LSU honored longtime equipment manager Jeff Boss on Sept. 29, 2003, as the school named the football locker room for him at a ceremony that saw dozens of former Tiger football players return to campus for the event.
Boss, who was diagnosed with a brain tumor shortly after the Tigers returned from the Cotton Bowl last January, passed away less than a month later on Oct. 27, losing his 10th-month battle with brain cancer. Boss, a native of Lake Charles, La., and a graduate of McNeese State University, continued to work while undergoing treatment for his illness until June. His memorial service on Oct. 29 was attended by hundreds as former players, current and former coaches as well as many of his friends from all over the country stopped to pay their respects.
"Jeff, this is a real tribute to you and I hope you know and appreciate why all these people are here and what this is all about," LSU Chancellor Dr. Mark Emmert said at the ceremony. "When you build a program like the athletic program and like Louisiana State University, what you're so proud of isn't just wins and losses or all the statistics, it's the culture that gets built around that program. It's the people that come into it and the unique flavor that gets built into a program that's as wonderful as LSU.
"For 24 years you've been the core of building that culture and that community. Somebody who is always there, always did his job, always supported people, always represented the University in a first-class way, always did things behind the scenes that other people need to be successful and did it without complaints, did it with enthusiasm. That's a remarkable thing to contribute. That's why these people are here--because you touched all these lives. Not because you were just good at your job, but because you touched people and you shaped the culture of the University that continues forever and ever. And for that we cannot thank you enough. It's a wonderful, wonderful legacy and we're very, very proud of you and we're very, very honored to have you as our friend."
Boss wasn't on the sidelines for LSU's game against Louisiana-Monroe to open the 2003 season, the first time he's missed an LSU game in 24 years. Two weeks later, LSU coach Nick Saban along with a dozen football players visited Boss at his home and presented him with a game ball from the Louisiana-Monroe contest.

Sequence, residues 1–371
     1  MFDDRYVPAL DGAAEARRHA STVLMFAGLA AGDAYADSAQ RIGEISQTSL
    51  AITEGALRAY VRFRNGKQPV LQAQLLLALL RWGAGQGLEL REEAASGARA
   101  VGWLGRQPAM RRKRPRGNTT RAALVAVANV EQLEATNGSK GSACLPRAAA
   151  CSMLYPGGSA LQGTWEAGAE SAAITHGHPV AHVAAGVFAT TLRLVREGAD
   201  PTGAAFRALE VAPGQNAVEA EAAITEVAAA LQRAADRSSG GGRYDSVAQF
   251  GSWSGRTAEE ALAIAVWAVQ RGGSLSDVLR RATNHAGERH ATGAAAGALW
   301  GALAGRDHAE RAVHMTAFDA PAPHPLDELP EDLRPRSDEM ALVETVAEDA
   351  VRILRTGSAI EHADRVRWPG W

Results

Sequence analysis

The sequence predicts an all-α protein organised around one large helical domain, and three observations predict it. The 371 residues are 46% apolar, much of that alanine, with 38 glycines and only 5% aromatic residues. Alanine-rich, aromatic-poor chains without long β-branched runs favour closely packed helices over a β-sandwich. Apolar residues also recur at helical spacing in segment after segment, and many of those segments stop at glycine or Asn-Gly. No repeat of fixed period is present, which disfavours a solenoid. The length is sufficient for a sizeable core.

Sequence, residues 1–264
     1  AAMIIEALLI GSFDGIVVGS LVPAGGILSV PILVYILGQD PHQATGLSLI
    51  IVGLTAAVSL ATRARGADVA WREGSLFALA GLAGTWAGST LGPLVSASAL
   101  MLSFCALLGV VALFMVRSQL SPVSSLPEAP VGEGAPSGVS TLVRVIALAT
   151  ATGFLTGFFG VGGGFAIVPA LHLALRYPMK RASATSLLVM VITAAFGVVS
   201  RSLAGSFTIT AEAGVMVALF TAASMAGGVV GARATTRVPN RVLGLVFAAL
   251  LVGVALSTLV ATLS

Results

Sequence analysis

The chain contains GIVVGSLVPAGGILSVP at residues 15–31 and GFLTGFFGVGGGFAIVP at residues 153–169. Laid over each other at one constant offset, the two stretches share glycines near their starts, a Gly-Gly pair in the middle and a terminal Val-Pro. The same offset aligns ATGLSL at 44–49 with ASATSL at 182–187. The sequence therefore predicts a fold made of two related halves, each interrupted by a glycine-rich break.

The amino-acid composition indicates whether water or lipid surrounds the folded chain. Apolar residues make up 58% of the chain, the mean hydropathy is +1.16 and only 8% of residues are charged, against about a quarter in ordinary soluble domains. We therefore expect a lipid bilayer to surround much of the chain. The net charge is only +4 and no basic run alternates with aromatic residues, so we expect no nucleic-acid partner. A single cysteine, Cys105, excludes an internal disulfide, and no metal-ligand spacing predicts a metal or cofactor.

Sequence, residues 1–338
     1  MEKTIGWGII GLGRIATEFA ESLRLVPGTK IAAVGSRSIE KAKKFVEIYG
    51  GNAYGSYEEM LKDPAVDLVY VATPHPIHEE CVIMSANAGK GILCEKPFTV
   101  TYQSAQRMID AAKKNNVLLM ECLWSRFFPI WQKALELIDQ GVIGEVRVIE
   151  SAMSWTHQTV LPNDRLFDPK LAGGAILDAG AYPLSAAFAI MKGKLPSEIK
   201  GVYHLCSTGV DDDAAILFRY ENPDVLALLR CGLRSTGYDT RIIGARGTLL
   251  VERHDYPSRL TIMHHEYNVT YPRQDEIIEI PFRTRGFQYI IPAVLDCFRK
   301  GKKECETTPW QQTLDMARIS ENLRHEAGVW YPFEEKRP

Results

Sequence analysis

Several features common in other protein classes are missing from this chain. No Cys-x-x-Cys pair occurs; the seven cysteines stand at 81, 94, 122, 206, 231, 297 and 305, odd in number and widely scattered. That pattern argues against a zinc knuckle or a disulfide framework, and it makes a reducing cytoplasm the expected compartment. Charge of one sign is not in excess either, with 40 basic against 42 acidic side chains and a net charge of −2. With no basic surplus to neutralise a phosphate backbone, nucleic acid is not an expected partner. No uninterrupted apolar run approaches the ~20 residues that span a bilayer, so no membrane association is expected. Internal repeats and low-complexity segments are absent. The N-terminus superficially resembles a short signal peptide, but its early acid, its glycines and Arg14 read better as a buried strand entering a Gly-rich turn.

LSU has since dedicated the 2003 season to Boss and the Tigers will wear the letters "JB" on their back of their helmets for the remainder of the season. In addition, the Tigers will wear a black patch with the letters "JB" on their jerseys for the remainder of the season.
During his illustrious career, one that saw Boss always work behind the scenes with little or no fanfare, he was named the winner of the Glenn Sharp Award in 1990, which goes annually to the Equipment Manager of the Year as chosen by his peers. Boss' years of expertise in the field of equipment management also aided him in the design and development of a football shoe, the "Boss Shark", which was nationally marketed for intercollegiate play by Nike.
"I don't think there is anyone in this program in the four years I have been here, that has given more unselfish devotion to LSU, but probably more importantly to the players themselves," LSU coach Nick Saban said. "I think the most special quality that Jeff has is that he never thinks about himself. He never thinks of himself first. He has an unbelievable ability to put the other persons feelings first. That quality above all others is something special that I wish everyone had and I know that it would make the world a much better place.
"There is not one person in our organization that the players hold in higher regard for what he does for them. I know that people like Jeff Boss make our job possible and we thank you for that. I cannot express the gratitude and appreciation that we have as coaches and players for all that you have done for us."
Boss came to LSU from Morgan City High School, where he served as a teacher and football coach for five years. He also held similar positions at Kaplan High School in 1974-75. Boss began his athletic administration career at Franklin Junior High in 1972 before serving as athletic director and head football coach there in 1973-74.
Boss is survived by his wife, the former Karen Ibert of Franklin, La., and a 13-year old daughter, B.J.
Please click here to view the photos from this ceremony.